Beware the Ides of March. It now looks increasingly clear that Spanish voters did hand al Qaeda their first European election victory. Of course, the voters were not simply bowing to terror; but by putting the Spanish government’s unpopular foreign policy in the front of voters’ minds in the three days before the election, the terrorists, quite brilliantly, highlighted government arrogance and distance from popular opinion and handed victory to the Socialists (see Dan O’Brien inside). At a stroke, Bush and Blair’s Iraq strategy was back on the defensive, the Atlantic grew a few thousand miles wider and Europeans were put in an anxious fluster about the next attack. All the undoubted successes of the war on terror – and it is remarkable that this was the first significant attack in Europe since 9/11 – were, at least temporarily, eclipsed.
The Madrid bomb also presented Prospect with a dilemma. Would Bhikhu Parekh’s imagined dialogue between Bin Laden and Gandhi now cause too much offence? Bhikhu and I considered pulling it but decided to go ahead, adding a short preface to the dialogue explaining the intention behind it. The Madrid bombs show just how accomplished the terrorists are at reading our European minds; it’s time we tried to peer back into theirs. Bhikhu is an authority on Gandhi; he is not, by his own admission, an authority on Bin Laden. The Bin Laden figure here makes no claim to authenticity; the real Bin Laden is a religious zealot and rabid antisemite who would have no interest in appealing to European liberals. Bhikhu has, instead, constructed a more generic pro-terror Islamist radical who can make some sort of sense to us. And, rather alarmingly, according to a recent Guardian poll, such beliefs may already have a significant foothold in Britain. The poll found only 73 per cent of British Muslims are strongly opposed to attacks by al Qaeda – 13 per cent said its attacks are justified.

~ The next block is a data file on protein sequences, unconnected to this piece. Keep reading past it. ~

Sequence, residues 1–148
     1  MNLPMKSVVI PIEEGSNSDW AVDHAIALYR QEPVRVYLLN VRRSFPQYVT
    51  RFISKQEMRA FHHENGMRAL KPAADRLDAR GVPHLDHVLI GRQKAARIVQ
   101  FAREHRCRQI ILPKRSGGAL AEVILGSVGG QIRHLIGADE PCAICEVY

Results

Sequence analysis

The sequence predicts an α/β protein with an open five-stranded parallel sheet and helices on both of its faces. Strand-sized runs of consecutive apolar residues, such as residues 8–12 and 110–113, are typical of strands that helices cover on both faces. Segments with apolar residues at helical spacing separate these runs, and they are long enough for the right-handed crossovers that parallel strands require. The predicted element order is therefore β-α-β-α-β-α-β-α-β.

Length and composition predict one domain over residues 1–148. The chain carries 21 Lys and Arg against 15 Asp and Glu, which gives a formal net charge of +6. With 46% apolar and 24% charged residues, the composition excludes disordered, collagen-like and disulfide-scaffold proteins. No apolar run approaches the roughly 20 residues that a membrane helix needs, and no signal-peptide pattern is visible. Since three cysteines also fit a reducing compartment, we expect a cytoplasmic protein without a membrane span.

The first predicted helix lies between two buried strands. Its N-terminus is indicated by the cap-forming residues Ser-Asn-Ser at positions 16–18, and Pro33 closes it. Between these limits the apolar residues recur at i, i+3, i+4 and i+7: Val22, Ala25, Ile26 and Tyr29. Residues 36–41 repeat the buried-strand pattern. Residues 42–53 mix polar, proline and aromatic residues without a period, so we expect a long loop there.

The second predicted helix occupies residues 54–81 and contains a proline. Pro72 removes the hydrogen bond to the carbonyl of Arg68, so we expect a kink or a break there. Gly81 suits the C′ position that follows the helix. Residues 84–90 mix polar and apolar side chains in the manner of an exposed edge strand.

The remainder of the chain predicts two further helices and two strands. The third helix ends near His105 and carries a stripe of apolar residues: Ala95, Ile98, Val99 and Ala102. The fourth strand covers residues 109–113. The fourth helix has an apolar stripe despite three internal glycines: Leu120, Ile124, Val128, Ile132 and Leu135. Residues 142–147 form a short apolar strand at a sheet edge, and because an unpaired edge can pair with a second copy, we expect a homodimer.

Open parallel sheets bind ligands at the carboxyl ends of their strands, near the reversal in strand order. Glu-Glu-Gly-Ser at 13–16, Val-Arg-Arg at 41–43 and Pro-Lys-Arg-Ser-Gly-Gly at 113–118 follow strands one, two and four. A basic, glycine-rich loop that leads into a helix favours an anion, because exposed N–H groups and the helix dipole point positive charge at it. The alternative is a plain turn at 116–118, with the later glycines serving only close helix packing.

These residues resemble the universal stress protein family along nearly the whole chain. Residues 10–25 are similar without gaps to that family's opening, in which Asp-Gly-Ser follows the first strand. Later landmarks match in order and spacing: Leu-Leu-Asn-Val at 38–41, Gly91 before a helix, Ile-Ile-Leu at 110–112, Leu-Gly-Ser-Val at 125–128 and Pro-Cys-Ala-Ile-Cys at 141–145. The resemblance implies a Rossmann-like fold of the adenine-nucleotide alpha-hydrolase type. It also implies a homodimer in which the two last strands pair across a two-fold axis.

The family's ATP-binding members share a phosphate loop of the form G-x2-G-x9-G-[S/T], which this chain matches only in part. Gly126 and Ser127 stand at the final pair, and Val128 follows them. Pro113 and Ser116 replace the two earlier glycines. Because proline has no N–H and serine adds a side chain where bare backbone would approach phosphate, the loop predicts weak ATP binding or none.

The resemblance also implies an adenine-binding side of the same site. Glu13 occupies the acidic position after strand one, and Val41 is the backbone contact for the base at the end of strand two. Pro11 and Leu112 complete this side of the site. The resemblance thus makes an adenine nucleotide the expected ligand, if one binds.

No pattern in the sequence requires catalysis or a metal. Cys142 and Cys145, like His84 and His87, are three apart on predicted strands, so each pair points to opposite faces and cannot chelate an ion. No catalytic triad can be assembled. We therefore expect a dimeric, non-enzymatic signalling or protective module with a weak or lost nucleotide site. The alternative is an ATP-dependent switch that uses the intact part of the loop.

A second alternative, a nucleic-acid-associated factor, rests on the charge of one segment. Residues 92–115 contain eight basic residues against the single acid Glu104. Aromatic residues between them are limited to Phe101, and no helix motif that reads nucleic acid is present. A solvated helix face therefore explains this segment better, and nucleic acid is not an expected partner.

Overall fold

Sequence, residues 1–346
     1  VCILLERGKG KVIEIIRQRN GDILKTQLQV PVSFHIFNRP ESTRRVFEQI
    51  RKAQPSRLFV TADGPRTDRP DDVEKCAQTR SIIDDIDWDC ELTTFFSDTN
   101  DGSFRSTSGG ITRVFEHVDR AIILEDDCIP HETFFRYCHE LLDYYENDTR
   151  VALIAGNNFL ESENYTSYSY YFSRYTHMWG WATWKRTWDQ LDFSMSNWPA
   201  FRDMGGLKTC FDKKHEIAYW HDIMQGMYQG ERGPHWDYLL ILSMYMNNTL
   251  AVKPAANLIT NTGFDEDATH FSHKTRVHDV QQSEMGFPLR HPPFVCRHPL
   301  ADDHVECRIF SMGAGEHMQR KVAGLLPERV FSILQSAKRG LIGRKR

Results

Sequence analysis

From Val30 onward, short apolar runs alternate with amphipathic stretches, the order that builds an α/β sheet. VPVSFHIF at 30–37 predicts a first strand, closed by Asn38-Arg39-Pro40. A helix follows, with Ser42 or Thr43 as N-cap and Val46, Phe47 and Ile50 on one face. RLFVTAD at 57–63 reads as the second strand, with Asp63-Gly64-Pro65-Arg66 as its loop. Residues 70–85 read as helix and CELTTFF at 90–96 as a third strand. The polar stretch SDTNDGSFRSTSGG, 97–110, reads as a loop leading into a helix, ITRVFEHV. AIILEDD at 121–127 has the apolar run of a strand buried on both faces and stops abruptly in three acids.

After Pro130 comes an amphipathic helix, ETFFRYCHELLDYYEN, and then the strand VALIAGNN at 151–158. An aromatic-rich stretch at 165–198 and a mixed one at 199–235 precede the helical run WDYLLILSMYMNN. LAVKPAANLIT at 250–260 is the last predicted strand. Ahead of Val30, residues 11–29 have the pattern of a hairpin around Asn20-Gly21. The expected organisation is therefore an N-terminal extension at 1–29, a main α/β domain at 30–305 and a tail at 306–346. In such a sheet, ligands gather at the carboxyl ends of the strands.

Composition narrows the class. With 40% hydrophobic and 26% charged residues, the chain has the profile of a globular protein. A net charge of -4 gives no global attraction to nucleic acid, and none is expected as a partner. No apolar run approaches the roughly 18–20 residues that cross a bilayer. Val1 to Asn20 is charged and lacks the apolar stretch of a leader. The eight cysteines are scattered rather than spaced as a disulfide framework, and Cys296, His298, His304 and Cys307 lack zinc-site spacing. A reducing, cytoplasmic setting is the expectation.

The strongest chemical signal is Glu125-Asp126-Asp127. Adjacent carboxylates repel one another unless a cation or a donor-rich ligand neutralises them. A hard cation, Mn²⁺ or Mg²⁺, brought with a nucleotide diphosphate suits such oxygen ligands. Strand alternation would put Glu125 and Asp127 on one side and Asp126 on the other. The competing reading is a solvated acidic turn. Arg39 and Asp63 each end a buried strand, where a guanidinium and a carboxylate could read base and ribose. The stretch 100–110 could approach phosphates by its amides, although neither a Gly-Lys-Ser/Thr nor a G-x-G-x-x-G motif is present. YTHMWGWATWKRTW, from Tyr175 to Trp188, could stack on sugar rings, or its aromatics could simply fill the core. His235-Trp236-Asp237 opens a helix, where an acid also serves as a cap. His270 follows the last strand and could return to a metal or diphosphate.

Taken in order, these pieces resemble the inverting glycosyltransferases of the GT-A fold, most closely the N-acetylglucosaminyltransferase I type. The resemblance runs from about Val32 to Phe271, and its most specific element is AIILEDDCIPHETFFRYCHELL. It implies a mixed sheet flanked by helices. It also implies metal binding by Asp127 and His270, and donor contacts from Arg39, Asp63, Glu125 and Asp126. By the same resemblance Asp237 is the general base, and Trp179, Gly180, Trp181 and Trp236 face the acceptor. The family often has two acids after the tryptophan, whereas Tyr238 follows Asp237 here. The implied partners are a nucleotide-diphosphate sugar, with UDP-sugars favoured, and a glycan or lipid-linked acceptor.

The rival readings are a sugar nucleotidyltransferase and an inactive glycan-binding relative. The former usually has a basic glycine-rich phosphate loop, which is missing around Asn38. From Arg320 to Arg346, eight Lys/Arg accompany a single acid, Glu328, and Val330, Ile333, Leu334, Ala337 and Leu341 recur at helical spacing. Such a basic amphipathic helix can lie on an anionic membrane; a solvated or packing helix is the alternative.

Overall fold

The reactions to my February essay on diversity rumble on, following its reprinting in the Guardian. I reflect inside on the racialisation of the debate and the emotionalism of some on the multicultural left. Apologies again to readers and writers who were expecting replies in the last issue. Those who can’t see them on our website (www.prospect-magazine.co.uk/replies.asp), please do call the office on 020 7255 1291, and we will send you a printout.